the loss.

I count it such a blessing that we’ve never had to deal with the death of a baby in utero. No matter the stage or progression of pregnancy, it is a life lost and a life mourned. I certainly don’t take my fertility or my family or my life for granted.¬†With this month being National Pregnancy Loss Awareness Month (the official day was October 15), I wanted to take a minute to honor a few moms who have been on my heart lately. Each has her own story, and each story has already been made public.

1) Jessi was overjoyed to find out she was pregnant a few months ago, and she looked forward to welcoming her family’s fourth baby next year. At an appointment a few weeks later, though, they were struck with the news that there was no longer a heartbeat. She named this sweet baby Arrow; and although it tore her up something fierce, this season has taught her so much. You can tell by the beautiful things she writes under the label “miscarriage” at Naptime Diaries.

2) Kara has been very open about her journey to motherhood, over at Matt & Kara Adopt. When it became apparent that adoption was right for them, it took much longer than they’d anticipated. Longer, even, than any other adoption story I’ve ever known. However, they were finally paired with a birth mother and waited for the big day. That day has come and gone. Their boy was born a few weeks ago, and his mother decided to keep him. Kara’s nursery is ready & empty, and her friends and family are grieving along with her this month.

3) Libba doesn’t blog, but I sure hope she starts keeping tabs of her next few months. At her most recent ultrasound, it was discovered that Libba’s third baby, a girl, has no brain. The condition is called anencephaly and is incompatible with life. Libba & her family have chosen to carry this baby girl, recently named Glory, as long as they can – even to birth. In Libba’s words, “We are really looking forward to having possibly four more months to enjoy our Glory girl this side of heaven…we are open and want God to use our brokenness for His glory.”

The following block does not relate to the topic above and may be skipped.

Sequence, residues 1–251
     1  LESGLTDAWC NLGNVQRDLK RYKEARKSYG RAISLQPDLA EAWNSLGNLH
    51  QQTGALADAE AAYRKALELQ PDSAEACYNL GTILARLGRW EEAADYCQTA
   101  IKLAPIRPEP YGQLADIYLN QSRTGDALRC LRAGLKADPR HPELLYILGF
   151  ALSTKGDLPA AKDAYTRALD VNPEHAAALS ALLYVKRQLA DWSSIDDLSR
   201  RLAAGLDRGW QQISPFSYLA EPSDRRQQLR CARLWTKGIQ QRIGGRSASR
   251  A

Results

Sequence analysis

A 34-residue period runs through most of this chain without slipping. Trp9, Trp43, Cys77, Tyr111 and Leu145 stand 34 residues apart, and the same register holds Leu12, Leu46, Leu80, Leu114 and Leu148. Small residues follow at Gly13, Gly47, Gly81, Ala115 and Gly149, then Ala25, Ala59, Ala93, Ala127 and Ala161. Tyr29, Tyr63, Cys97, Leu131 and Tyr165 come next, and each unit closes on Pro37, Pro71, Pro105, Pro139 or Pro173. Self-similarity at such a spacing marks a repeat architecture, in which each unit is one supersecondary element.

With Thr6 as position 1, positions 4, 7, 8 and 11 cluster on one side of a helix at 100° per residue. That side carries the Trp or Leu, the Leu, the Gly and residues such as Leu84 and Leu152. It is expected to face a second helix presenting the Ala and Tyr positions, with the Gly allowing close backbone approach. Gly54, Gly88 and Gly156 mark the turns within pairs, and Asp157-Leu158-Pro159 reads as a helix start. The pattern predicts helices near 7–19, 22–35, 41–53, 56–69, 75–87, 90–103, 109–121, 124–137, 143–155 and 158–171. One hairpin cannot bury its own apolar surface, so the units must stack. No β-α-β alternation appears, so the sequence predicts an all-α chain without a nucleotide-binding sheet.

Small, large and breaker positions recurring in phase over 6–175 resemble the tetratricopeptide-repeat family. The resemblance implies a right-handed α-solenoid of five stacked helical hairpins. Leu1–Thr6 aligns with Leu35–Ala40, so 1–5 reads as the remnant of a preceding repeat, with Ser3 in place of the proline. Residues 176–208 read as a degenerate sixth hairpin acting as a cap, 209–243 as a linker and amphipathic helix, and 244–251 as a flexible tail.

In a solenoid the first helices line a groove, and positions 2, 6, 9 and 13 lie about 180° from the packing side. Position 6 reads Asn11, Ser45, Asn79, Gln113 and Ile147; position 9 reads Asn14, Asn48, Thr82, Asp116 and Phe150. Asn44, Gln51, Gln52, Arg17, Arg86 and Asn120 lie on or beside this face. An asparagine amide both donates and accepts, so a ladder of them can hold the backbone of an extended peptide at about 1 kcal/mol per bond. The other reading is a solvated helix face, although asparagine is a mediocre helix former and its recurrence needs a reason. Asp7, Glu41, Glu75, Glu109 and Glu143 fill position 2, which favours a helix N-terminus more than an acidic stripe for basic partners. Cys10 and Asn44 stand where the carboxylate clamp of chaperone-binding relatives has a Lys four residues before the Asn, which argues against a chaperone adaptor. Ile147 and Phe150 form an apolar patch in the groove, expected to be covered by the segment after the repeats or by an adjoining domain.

4) Kortney was still a newlywed, having married Benjamin in May. On staff with a pro-life organization, she was on her way from a conference when she died in a head-on collision last weekend. She was twenty-one weeks pregnant with a baby girl they had just named Sophy. They were working on a documentary of her pregnancy and had recently experienced a 4-d ultrasound, a video which has since been shown all over the country in Kortney’s honor.

Each of these moms lost. Hard. Each of these families lost. Hard.
One of the special things about these ladies is that their hearts belong to Jesus.

I received a poignant anonymous question the other day, regarding Kortney’s funeral.
Chris referred to the memorial service as being “all about the glory of the Lord,” and the question said:

“I wonder if the woman’s family would disagree?? That is just the type of statement that gives Christians a bad name.”

I completely understand and respect the importance of grieving, but each of these families has their hearts set on things above. As Christians, we believe that pain & darkness rule this earth. It’s how we can believe in a God who loves, and still admit that horrible things happen every day.

These hurting families dream of a place where there is no pain, no tears. When they lose, they lose hard. But they know that this is not the end of the story, and their souls are able to rest in that. The nights are long, but joy comes in the morning.

These women are true testimonies to God’s faithfulness.
You don’t even have to be a follower of Jesus to see His glory all over them.
I am in awe of that.

11 thoughts on “the loss.”